Issue 39 - October 2, 2007


Trick or Treat

Given the market volatility of the first nine months of the year, it seems appropriate that the Federal Reserve has scheduled its next meeting on Halloween. After credit tightening and margin calls catalyzed a summer sell-off, September saw a strong recovery from oversold conditions across most major asset classes. The Federal Reserve chose to reduce the benchmark rate by 50 basis points at its September 18th meeting sparking quarter-end rallies in stocks, commodities, and short maturity US Treasuries. The US Dollar continued its slide as a result of these lower interest rates and now stands at multi year and in some cases, all time, lows. While the committee was certainly aware of the currency risk of a lower rate environment, they deemed the risks to credit and economic growth as a more pressing matter. Much debate surrounded this particular decision. While there were voices in favor of all conceivable actions, the Federal Reserve was not presented with much in the way of good choices.

The goal of monetary policy sounds simple enough: “to promote effectively the goals of maximum employment, stable prices, and moderate long term interest rates.” As we mentioned in our previous letter, the Federal Reserve had used low interest rates as its dominant tool to address economic disruptions in the modern era. The “moral hazards” that developed as a result of these policies were certainly deemed to be a lower priority in light of the more immediate concerns. However, many of these hazards were front and center in the most recent credit unwinding and the new chairman had to weigh the risks of repeating old sins in an effort to maintain their mandate. The easing has led to a long awaited normalization of interest rates which will provide a significant benefit to the major banks who will continue to be the main player in this brave new world of traditional credit requirements.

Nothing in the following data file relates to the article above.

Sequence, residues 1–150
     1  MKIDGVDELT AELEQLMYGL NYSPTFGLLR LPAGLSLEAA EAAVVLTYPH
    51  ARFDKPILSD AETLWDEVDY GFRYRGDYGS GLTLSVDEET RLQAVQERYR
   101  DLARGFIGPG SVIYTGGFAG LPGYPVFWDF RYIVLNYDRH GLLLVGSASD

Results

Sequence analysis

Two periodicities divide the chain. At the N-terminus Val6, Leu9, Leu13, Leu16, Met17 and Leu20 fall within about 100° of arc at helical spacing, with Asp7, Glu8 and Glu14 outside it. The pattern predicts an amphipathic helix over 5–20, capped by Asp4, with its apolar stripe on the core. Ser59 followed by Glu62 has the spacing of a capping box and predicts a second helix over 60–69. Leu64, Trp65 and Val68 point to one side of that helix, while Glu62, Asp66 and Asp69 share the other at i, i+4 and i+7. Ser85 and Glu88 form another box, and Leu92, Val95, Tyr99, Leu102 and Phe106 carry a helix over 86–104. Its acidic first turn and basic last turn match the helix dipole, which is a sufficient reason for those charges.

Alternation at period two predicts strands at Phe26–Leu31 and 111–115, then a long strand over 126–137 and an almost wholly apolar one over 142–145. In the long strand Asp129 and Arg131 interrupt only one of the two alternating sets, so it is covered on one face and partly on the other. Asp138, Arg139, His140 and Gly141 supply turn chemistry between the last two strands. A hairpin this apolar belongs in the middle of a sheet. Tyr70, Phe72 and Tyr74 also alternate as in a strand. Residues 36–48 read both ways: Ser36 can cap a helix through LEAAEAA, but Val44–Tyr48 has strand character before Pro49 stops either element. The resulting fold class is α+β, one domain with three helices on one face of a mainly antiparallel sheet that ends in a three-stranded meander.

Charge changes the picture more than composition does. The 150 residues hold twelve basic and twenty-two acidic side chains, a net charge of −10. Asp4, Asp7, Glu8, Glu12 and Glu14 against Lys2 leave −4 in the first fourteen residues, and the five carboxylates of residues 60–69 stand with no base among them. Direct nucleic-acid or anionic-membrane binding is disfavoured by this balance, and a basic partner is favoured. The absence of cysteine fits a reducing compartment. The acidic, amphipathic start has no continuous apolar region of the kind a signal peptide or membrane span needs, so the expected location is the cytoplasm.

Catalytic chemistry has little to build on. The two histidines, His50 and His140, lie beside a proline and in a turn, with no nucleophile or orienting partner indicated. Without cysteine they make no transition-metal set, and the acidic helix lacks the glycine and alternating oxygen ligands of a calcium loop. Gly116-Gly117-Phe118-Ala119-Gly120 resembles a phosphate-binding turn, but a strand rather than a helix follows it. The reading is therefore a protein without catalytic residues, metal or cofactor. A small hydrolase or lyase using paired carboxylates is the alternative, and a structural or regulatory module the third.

Markets reacted favorably to the recent cut in the benchmark rate. While the US Dollar has drifted lower, stocks, bonds, and commodities have risen, in some cases sharply. The immediate investment themes have favored growth over value, large cap over small, and oil and gold over anything else. With two remaining FOMC meetings left in the year, the expectation of further rate cuts dominates. Lower interest rates might provide a nice floor under the PE of equities, but the real key will be individual corporate earnings. Just being a large cap company will be no guarantee of stock out performance any more than being a small cap will guarantee disappointment.

The latest cut in rates spurred a rally in short term rates that has left the US Treasury yield curve positively sloped across the board for the first time since the Federal Reserve began normalizing rates. However just as
an inverted curve was not the harbinger of a recession, this environment will still have to contend with the unwinding of unwanted mortgage and asset backed securities. As risk was re-priced this summer and liquidity returned, long-term high grade bonds became very attractive on both a relative and an absolute basis.